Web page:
Now... it's NEXT season. Over that summer, I bought a BSA 2X pistol scope. Opening day... wham, bam, bam... 3 DEER DOWN BY 9AM, including the 11' vertical down one... 3 shots fired... no tags left, season over for me in under 3 hours. I loved that little BSA 2X scope. It fit in the holster real nice and no stinkin batteries to die at the worst time possible. But... practicing this past summer, it too self destructed from the heavy recoil. One of the inner lens or mirrors got loose. It's all blurred. So I sprung for a Leupold. It's all sighted in and ready to go. If you shoot with both eyes open, and practice that way too, quick target acquisition is no problem.

    There was a point in time, when I too thought the red-dot was the best way to go. But I learned differant. If Leupold made a 1X handgun scope, I'd have one. I had to settle for the 2X... but it's slimmer, lighter, and no Murphy's Law battery problems.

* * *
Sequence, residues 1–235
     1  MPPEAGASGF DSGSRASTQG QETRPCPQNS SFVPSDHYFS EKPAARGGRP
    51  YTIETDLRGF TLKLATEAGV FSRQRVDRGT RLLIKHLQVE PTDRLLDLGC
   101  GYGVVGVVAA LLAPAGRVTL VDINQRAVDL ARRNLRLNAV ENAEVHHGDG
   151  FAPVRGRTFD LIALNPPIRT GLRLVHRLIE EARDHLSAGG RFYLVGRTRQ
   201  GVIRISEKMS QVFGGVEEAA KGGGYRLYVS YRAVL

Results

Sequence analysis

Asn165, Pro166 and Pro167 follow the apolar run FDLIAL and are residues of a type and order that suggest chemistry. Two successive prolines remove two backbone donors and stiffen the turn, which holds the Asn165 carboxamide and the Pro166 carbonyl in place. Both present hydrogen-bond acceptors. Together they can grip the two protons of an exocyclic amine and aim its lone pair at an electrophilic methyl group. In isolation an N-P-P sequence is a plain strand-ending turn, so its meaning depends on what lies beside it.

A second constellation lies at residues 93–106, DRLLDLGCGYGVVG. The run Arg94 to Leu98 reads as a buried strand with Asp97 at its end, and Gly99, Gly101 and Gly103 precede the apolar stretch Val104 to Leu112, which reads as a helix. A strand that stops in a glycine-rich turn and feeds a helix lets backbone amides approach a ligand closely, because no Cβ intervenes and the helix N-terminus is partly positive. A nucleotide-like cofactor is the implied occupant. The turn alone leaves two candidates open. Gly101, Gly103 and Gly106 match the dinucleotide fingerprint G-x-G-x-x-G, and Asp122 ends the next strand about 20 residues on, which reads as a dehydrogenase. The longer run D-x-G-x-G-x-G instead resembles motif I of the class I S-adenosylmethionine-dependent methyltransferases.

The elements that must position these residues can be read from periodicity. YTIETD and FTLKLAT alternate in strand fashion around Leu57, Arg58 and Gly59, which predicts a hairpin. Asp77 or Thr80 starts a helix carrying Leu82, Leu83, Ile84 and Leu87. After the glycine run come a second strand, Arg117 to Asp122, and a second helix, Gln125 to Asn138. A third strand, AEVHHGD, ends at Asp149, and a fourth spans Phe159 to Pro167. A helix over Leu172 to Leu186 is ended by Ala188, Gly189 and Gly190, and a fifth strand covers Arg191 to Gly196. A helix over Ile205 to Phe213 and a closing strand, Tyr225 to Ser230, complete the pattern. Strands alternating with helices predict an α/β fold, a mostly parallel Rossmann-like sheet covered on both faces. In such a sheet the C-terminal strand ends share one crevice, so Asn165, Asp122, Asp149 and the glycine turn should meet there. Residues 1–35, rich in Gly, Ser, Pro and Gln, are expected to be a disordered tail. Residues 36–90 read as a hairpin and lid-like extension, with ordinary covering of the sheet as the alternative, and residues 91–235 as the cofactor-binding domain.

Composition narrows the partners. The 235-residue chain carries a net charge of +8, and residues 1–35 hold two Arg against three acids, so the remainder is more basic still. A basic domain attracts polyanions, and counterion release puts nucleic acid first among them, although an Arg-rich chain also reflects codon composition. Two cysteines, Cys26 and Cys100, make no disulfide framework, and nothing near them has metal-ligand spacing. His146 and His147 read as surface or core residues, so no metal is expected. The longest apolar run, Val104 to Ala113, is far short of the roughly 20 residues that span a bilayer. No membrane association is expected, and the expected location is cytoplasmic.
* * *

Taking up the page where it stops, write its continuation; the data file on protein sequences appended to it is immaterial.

10. ithaca_deerslayer

    ithaca_deerslayer

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    rfb45colt, great information!

    Makes me want to just stick with iron sights. I've never thought about putting any scope on my DW. It is just too perfect now for what it is: a long barreled revolver that is easily carried, has plenty of punch, low recoil, and is accurate for medium range. It probably is long range accurate if I scoped it and was a good enough shooter. But for a scoped handgun, that's where I think I'd get a Thompson Encore and have thus have a sort of mini-rifle that is legal in NYS shotgun zones.
     
  11. Michigun

    Michigun Miss Michigan?

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    rfb45colt, I respect your likes & opinions, but cheap red-dots aren't a good gauge.
     
  12. rfb45colt